- File Size: 571 KB
- Print Length: 122 pages
- Publisher: Our Sunday Visitor (June 28, 2013)
- Publication Date: June 28, 2013
- Sold by: Amazon Digital Services LLC
- Language: English
- ASIN: B00DNA0LTO
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Immigration and the Next America: Renewing the Soul of Our Nation Kindle Edition
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Many of the reviewers of this book seem to pat the archbishop on the head, and bemoan that he wasn’t quite up to the tough specifics of policy reform. They missed the central deep currents of the book. In his second chapter ("The Greater America") he introduces us to Californian historian Herbert Bolton. Bolton believed the only way to understand the meaning of our nation was to consider U.S. history in light of the “larger historical unities and interrelations of the Americas.” For Archbishop Gómez, if we look at “the greater America” we will see “America in light of the Christian mission to the Americas, from the top of what is now Canada to the ends of South America and across to the Caribbean. America is actually the historical product of at least three different 'missions' – the first ones of the Spanish and French Catholics, and the later settlements of the Puritans from England… It is the place where the main branches of European Christianity have met. Americans are both children of the Protestant Reformation which prevailed in England and children of the Catholic renewal or Counter Reformation which was centered in Spain and Rome... America was born from the Christian mission. This is not an article of faith or a pious wish. It is a historical fact. This nation was discovered as part of the great commission that Jesus Christ gave to his Church: to proclaim his Gospel to every nation.”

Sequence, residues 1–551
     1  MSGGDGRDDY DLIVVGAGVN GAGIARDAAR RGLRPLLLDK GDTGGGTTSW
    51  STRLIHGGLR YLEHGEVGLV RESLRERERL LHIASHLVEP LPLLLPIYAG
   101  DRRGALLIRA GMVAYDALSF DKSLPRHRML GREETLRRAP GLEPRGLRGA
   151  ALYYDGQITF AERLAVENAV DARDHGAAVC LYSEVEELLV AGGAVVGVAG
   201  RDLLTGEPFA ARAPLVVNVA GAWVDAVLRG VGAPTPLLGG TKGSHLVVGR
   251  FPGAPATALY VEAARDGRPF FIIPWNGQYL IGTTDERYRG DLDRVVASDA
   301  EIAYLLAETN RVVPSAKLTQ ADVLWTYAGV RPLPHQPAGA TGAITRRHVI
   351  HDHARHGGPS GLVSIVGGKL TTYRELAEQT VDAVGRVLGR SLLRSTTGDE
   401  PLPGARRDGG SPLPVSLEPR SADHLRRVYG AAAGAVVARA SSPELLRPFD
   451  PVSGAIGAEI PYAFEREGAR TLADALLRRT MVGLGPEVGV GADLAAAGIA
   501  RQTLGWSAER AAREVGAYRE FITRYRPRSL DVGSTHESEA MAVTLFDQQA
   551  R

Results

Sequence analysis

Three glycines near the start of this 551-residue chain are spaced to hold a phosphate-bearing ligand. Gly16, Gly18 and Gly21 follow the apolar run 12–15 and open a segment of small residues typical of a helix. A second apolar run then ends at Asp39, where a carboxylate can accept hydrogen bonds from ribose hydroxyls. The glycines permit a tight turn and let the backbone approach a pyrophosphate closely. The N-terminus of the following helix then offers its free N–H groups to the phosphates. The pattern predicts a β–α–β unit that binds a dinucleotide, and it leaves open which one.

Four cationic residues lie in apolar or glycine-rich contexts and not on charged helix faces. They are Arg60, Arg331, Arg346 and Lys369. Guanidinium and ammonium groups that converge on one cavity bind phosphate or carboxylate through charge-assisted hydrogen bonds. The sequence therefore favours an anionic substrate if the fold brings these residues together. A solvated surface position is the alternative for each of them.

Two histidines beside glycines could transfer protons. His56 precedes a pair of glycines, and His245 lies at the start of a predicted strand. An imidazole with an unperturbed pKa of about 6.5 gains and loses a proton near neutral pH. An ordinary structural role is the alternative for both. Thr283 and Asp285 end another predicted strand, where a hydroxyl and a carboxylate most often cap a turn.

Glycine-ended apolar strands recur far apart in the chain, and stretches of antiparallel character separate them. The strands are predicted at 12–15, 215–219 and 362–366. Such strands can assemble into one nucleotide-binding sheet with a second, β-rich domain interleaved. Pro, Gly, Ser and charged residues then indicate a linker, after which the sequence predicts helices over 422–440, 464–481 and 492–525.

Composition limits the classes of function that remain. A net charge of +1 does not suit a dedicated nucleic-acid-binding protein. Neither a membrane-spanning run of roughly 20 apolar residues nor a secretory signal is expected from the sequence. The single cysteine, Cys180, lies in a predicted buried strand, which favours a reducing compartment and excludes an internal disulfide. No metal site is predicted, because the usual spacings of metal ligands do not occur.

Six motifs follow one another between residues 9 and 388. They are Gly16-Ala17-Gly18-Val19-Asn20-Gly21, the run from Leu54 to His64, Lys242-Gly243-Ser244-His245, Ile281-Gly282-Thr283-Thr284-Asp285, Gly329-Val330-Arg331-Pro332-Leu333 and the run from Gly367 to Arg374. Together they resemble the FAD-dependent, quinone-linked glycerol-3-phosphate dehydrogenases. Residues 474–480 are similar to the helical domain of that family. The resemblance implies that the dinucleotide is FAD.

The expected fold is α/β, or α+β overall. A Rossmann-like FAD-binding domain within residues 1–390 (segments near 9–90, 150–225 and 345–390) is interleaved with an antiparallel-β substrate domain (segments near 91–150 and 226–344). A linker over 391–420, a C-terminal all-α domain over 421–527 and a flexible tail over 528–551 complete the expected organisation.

Bishop Gómez writes and thinks more like Saint Augustine and Catholic historian Christopher Dawson than any American prelate I have ever read. He understands that nations have corporate lives which play as large a part in salvation history as the struggles of one man’s soul. He quotes Augustine, “God can never be believed to have left the kingdoms of men, their dominations and their servitudes outside the laws of his Providence.” He grants that his modern reader may not believe that America can only be understood in terms of God’s plan for history. But he correctly insists that the men who wrote “in the course of human events” and of “the laws of nature and Nature’s God” had entrusted their covenant of nation-building to “the protection of Divine Providence."